AFGHANISTAN 2014: BETWEEN PRESIDENTIAL ELECTIONS AND WESTERN TROOP WITHDRAWAL

AFGHANISTAN 2014: BETWEEN PRESIDENTIAL ELECTIONS AND WESTERN TROOP WITHDRAWAL

BY THOMAS RUTTIG
Afghanistan Analysts Network
(Kabul)

SATURDAY, 12 OCTOBER
14:30–15.30 / HALL #2
NEW BUILDING / KIMEP

Thomas Ruttig is a founder, co-director and senior analyst of the independent think tank Afghanistan Analysts Network (AAN) based in Kabul and Berlin.

 

 

 

 

Thomas Ruttig graduated in Afghan Studies from Humboldt University, Berlin, in 1985 and speaks both Pashto and Dari fluently. He worked and lived for more than 10 years in Afghanistan and Pakistan. After his graduation in 1985, he joined the diplomatic service of the German Democratic Republic and served at its Kabul embassy in 1988/89. In 2000, he joined the UN mission in Afghanistan (UNSMA, later UNAMA) as a political affairs officer. During that time, he worked as an advisor to the Afghan Independent Emergency Loya Jirga Commission and head of UNAMA’s Islamabad and Gardez offices, respectively. In 2003, Thomas Ruttig was appointed Deputy of the Special Representative of the European Union for Afghanistan. In 2004, he joined the German Embassy in Kabul as a political councillor, and in 2006-2008, he worked as a Visiting Fellow at the Berlin-based think tank SWP (Stiftung Wissenschaft und Politik/German Institute for International and Security Affairs). Since 2008, he is an independent analyst on Afghanistan. In 2011, Thomas Ruttig was called by the Government of Afghanistan to join the Presidential Study Group to examine the topic of Radicalization in Afghan Society.

His online publications are available from the following links:
http://www.afghanistan-analysts.org/author/thomas-ruttig

BACK TO THE FUTURE: GERMANY’S AFGHANISTAN POLICY AFTER 2014

BACK TO THE FUTURE: GERMANY’S AFGHANISTAN POLICY AFTER 2014

FRIDAY, 1 MARCH
17:00–18.00 / HALL#3
NEW BUILDING

BY SEBASTIAN HARNISCH
HEIDELBERG UNIVERSITY

 

 

 

 

 

 

Sebastian Harnisch is Professor for International Relations and the Executive Director at the Institut for Political Science (Ruprecht-Karls-University of Heidelberg). His research and publications encompass German and American Foreign Policy, European affairs, theories of International Relations, non-proliferation of weapons of mass destruction and Korean Affairs. His last major theoretical work is Role Theory in International Relations. Contemporary Approaches and Analyses, co-edited with C. Frank and H. Maull (New York: Routledge, 2011).

CENTRAL ASIA AND AFGHANISTAN IN AN EVOLVING REGIONAL ORDER [INTERNATIONAL CONFERENCE]

INTERNATIONAL CONFERENCE
9-11 September 2012

“CENTRAL ASIA AND AFGHANISTAN
IN AN EVOLVING REGIONAL ORDER”

 

 

 

 

 

 

 

 

 

A conference titled “Central Asia and Afghanistan in an Evolving Regional Order” was hosted by the Central Asian Studies Center (CASC), in cooperation with the Stockholm International Peace Research Institute (SIPRI) funded by the Ministry of Foreign Affairs of Sweden and the Robert Bosch Stiftung, between September 9-11, 2012 at KIMEP University. The event attracted more than twenty international scholars and researchers from Central Asian states, Russia, China and Europe.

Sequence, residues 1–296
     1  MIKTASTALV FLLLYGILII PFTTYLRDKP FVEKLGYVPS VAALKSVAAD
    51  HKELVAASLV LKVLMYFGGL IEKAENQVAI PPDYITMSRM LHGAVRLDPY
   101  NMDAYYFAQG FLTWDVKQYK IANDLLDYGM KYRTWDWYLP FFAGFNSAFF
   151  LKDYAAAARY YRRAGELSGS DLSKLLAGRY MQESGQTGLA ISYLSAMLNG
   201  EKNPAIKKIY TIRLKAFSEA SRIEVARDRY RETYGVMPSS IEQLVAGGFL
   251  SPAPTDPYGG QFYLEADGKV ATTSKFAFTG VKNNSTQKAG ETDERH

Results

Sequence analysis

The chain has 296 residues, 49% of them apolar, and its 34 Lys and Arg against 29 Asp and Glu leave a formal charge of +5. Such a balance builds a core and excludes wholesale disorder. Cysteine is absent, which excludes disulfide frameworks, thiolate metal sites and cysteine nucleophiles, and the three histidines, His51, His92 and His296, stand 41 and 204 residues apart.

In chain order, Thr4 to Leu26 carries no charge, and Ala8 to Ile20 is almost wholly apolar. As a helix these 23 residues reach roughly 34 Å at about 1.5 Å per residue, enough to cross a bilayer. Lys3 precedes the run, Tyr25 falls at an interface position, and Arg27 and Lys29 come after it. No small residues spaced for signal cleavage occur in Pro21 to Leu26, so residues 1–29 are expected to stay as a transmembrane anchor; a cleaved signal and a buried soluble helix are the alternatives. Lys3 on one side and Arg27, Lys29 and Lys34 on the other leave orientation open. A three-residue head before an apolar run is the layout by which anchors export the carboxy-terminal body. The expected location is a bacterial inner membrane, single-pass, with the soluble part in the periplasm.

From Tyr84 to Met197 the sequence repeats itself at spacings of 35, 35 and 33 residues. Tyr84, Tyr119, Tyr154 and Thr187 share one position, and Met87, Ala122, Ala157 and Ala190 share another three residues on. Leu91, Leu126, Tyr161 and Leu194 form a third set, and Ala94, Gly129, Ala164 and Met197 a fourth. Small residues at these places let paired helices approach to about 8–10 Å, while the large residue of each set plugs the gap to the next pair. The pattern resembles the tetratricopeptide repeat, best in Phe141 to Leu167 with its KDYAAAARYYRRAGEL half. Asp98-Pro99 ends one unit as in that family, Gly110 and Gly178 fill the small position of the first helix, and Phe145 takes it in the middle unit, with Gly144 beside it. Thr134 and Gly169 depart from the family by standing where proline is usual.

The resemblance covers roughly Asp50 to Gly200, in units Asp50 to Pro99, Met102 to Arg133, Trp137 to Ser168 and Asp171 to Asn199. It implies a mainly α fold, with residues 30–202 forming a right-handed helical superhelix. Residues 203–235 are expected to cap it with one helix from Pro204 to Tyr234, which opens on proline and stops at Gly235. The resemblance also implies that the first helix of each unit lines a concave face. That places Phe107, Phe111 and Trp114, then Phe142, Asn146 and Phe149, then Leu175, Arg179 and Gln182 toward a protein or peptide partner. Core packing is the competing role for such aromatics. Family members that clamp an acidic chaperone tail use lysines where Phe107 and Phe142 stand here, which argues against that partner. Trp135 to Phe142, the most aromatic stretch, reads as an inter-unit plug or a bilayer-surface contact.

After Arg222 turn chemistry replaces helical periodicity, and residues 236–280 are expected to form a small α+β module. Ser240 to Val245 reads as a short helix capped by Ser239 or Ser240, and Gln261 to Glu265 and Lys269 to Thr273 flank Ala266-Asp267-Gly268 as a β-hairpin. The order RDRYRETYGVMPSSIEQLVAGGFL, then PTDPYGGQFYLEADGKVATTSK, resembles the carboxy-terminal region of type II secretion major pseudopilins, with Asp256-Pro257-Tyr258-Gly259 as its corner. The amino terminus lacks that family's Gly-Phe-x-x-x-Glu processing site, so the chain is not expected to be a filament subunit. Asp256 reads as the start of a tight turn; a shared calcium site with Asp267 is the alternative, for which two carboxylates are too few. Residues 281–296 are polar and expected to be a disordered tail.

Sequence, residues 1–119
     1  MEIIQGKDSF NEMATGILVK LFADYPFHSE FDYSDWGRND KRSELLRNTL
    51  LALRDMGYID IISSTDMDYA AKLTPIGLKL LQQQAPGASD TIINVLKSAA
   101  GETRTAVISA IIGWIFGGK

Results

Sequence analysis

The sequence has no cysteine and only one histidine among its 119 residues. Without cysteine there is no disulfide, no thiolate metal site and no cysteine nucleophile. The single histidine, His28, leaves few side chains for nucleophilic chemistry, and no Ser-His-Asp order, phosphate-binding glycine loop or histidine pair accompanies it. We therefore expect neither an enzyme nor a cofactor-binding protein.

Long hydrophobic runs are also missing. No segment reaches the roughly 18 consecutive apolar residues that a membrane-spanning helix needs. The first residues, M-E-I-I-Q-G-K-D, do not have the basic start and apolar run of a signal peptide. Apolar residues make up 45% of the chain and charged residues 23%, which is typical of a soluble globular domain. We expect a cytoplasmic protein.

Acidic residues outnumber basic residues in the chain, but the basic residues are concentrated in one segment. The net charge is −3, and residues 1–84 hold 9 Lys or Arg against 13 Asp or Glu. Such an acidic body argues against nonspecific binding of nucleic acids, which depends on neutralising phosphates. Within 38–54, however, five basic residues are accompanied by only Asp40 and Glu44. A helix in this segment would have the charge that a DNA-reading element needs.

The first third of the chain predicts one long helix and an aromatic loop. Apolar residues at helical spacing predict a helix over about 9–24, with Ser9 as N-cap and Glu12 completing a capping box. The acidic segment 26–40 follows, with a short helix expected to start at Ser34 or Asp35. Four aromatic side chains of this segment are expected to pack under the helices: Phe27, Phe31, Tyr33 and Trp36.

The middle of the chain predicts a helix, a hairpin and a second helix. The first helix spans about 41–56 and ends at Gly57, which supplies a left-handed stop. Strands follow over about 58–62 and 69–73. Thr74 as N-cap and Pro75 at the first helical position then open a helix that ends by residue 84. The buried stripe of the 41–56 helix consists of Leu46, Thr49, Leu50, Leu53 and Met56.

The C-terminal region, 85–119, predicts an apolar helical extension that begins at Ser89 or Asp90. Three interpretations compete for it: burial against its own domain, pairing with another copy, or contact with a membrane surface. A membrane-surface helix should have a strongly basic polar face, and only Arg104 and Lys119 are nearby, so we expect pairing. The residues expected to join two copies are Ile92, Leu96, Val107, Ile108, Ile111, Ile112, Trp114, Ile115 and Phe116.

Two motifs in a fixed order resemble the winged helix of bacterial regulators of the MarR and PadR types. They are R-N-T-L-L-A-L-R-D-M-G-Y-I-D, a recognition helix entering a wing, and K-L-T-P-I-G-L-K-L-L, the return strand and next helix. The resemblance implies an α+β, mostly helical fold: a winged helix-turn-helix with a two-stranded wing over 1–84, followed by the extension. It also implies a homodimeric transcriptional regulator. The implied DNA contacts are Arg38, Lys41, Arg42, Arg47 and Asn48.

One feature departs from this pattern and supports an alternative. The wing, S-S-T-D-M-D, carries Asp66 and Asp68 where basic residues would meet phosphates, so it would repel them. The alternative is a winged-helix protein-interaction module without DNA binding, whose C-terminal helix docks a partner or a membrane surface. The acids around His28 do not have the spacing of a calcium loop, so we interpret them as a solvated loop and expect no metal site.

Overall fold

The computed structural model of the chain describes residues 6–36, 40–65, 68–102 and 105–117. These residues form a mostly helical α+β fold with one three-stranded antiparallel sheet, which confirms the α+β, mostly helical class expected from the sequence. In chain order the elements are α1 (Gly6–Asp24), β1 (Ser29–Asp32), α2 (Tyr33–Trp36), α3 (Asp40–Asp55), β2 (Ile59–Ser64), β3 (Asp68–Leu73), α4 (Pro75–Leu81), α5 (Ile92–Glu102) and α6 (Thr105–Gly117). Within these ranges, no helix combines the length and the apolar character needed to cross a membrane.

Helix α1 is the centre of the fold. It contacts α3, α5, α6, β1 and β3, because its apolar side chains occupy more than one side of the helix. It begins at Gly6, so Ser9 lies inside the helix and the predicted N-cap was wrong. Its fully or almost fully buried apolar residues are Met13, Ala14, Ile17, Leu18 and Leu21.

During the two days of the research conference, the participants discussed in details the future of Afghanistan with a special focus on the Central Asian involvement in the project. After the opening session by Alessandro Frigerio (KIMEP) and Neil Melvin (SIPRI), the first panel discussion was devoted to the current realities in Afghanistan. After the presentations, a heated debate ensued on whether the current American approach is the right one and whether the withdrawal in 2014 will solve more problems than it creates.

 

The following panels were devoted to the different main actors involved in the region. First, the role of the United States of America and the western powers were discussed. In the first afternoon session, presentation and discussion topics included the role of the Russian Federation and the People’s Republic of China, as the main regional powers in Central Asia and Afghanistan. Vadim Kozyulin from the Russian PIR-Centre and Farhod Tolipov an independent expert from Uzbekistan, with Nargis Kassenova as moderator, presented their opinions about the future of the region. The main concerns for Russia are the imminent security threat coming from the neighboring region, the issues of drug trafficking and instability spillovers. The Chinese perspective was explained by Wang Xu from Beijing University, China and Adil Kaukenov from the Agency for Investments Profitability Investigation, Astana, Kazakhstan.

 

The second day of the conference was completely reserved for the discussion on the role of Central Asia in Afghanistan. There is an increasing realization of the importance of Central Asian states included in the current approaches focusing on the future of Afghanistan. The participants from Kazakhstan, Kyrgyzstan, Uzbekistan, Tajikistan and Russia highlighted the importance of regional cooperation in order to solve not only the physical security threats but to connect the countries in the region to create a prospering future in economic, social and political sense.

By Laura Cseke
CASC Coordinator

 

THE WAR IN AFGHANISTAN AND ITS IMPACT ON CENTRAL ASIA

THE WAR IN AFGHANISTAN AND ITS IMPACT ON CENTRAL ASIA

MONDAY, 4 APRIL
16:00–17.00 / HALL#2
NEW BUILDING

BY ESADULLAH OGUZ
NEWSWEEK TURKEY
Central Asia and Afghanistan Correspondent